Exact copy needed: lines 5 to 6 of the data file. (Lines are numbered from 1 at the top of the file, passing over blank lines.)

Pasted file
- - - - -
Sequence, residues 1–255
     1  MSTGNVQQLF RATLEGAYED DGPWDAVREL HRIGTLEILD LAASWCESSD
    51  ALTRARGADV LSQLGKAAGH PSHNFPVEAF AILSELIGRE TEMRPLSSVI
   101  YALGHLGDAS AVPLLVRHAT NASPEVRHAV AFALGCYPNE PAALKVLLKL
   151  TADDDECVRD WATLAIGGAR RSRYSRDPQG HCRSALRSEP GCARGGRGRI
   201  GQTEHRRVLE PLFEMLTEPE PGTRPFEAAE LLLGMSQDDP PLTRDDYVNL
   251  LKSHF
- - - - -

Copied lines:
   151  TADDDECVRD WATLAIGGAR RSRYSRDPQG HCRSALRSEP GCARGGRGRI
   201  GQTEHRRVLE PLFEMLTEPE PGTRPFEAAE LLLGMSQDDP PLTRDDYVNL